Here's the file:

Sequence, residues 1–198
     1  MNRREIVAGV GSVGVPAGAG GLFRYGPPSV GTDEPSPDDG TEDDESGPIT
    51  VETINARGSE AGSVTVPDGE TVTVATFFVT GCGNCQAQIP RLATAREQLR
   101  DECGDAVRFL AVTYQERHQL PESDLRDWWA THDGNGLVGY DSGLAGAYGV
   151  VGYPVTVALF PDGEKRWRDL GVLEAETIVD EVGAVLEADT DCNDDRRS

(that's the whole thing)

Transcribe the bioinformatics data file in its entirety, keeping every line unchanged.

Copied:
Sequence, residues 1–198
     1  MNRREIVAGV GSVGVPAGAG GLFRYGPPSV GTDEPSPDDG TEDDESGPIT
    51  VETINARGSE AGSVTVPDGE TVTVATFFVT GCGNCQAQIP RLATAREQLR
   101  DECGDAVRFL AVTYQERHQL PESDLRDWWA THDGNGLVGY DSGLAGAYGV
   151  VGYPVTVALF PDGEKRWRDL GVLEAETIVD EVGAVLEADT DCNDDRRS